Without my mentioning it, he tells me about the very same Hallmark Shopping Center I've visited with the Odoms. In his version, it's a Latino success story -- a formerly rundown, abandoned area brought back to life.
When I share with him some of the anti-immigration groups' environmental arguments, and the Odoms' belief that Latinos are responsible for an increase in local drug traffic and other crime, Leon is seething, in his controlled fashion. It takes him half a minute to catch his breath.
"My initial reaction to a person who came up to me and said that stuff would just be to walk away," he says. "Because I consider myself an intelligent person. And anyone who'd say something like that I don't consider to be very intelligent. Many nights I'm on the road traveling, and I see the crews building and repairing the bridges or roads. And sometimes I get calls from companies who hire people to do these jobs. And sometimes we have conversations about what's so exciting about hiring Hispanics. And the answer is consistently the same. It has to do with the work ethic of the Hispanic. It's got to do with the dedication and the efficiency and the productivity of these workers. When we had the asbestos cleanup, who was doing that? Hispanics, for the most part. Isn't that the opposite of what these people are saying?"
A call to Sgt. James McCann at the Greenville County Sheriff's Office confirms that the crime situation is not as the Odoms have portrayed it. From 1991 to 2001 the number of Part 1 crimes -- murder, rape, robbery, aggravated assault, burglary, larceny, and auto theft -- remained virtually unchanged, despite a 20 percent overall increase in population.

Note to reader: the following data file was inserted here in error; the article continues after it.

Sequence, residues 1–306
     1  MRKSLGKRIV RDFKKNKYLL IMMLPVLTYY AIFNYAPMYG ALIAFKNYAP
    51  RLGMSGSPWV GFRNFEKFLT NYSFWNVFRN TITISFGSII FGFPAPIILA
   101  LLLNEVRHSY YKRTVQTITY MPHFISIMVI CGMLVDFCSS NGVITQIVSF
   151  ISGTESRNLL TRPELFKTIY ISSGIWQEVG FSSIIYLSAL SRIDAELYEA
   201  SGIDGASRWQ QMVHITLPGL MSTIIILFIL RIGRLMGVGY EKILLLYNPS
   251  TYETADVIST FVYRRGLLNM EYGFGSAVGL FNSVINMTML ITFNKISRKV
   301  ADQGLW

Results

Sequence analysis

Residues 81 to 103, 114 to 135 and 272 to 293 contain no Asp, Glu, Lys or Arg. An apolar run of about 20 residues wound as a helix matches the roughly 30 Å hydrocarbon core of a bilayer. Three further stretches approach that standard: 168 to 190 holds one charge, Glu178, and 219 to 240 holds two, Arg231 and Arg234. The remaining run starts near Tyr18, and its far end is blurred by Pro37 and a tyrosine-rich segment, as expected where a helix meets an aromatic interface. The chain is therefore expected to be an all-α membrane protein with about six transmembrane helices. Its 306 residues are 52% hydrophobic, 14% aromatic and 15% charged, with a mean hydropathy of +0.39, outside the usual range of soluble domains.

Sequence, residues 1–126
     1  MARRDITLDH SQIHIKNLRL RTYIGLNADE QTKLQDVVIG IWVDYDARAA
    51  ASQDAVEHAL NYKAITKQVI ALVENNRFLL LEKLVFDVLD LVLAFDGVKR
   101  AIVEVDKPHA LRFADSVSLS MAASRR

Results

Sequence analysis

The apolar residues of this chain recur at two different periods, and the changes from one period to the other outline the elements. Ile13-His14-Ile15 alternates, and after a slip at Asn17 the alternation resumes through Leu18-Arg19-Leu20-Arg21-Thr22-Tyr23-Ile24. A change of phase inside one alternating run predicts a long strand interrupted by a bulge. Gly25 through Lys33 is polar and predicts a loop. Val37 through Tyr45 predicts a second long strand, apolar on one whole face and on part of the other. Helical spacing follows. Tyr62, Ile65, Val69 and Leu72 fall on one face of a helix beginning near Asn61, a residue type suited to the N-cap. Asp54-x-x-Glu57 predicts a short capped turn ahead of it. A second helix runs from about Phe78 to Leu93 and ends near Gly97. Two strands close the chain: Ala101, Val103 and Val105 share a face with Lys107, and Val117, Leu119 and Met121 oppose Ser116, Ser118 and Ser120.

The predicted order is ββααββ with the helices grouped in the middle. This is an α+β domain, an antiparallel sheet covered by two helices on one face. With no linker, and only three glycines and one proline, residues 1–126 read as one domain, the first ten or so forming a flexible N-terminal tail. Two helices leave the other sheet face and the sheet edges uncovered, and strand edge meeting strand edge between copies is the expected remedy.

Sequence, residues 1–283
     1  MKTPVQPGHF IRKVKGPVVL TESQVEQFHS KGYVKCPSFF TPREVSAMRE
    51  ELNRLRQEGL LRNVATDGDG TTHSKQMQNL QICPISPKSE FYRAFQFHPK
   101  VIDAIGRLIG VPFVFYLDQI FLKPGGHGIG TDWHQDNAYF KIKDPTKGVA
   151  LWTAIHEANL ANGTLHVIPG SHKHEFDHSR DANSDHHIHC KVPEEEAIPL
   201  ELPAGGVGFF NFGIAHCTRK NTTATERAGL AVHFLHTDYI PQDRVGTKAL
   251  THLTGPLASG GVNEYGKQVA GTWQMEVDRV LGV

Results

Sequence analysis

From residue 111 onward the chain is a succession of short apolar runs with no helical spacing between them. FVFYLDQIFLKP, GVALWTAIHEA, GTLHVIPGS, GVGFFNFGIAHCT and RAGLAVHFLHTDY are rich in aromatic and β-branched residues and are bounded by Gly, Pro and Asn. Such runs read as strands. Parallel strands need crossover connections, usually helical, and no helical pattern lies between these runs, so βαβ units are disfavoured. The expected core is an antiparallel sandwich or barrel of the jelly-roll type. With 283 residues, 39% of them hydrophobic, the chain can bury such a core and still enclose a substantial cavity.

Leon reassures me that the Odoms and their friends are an aberration, that the presence of international corporations such as Michelin and BMW has lent Greenville a tolerant, almost cosmopolitan atmosphere. "What you heard is not reflective of most people in Greenville," he says.
It's all confirmed when I call Sharon Smathers, executive director of the Greenville County human relations commission. Smathers paints a picture of a thriving group of people in a relatively tolerant place with "very little hate crime."
In Greenville, as in most of the country, the anti-immigration movement remains small. It may make a lot of noise, cause a lot of trouble, but its ideas are unpopular -- a suit that doesn't fit and never will, no matter how skilled the tailoring. Most Americans are not likely to embrace an issue that smacks of bigotry. Conversely, in a refutation of the movement's environmental claims, Latino political leaders and voters in California are emerging as environmental advocates. The San Jose Mercury News reported that 74 percent of Latino voters approved a recent bond measure for open space, compared with 56 percent of white voters.
Outside the Greenville Hyatt, there's a new urbanist transformation -- a narrow tree-lined street with a half-dozen restaurants per block, small, smart shops at street level, and apartments up above. Turn the corner, and there's the downtown, a maze of modern tan, gray, and glass buildings and parking lots. There are plenty of pretty trees. The brokerages, newspaper and law offices, and radio and TV outlets all cluster around, keeping Bob Jones University, Pat Buchanan rallies, and the city's smattering of anti-immigrant bigots at bay.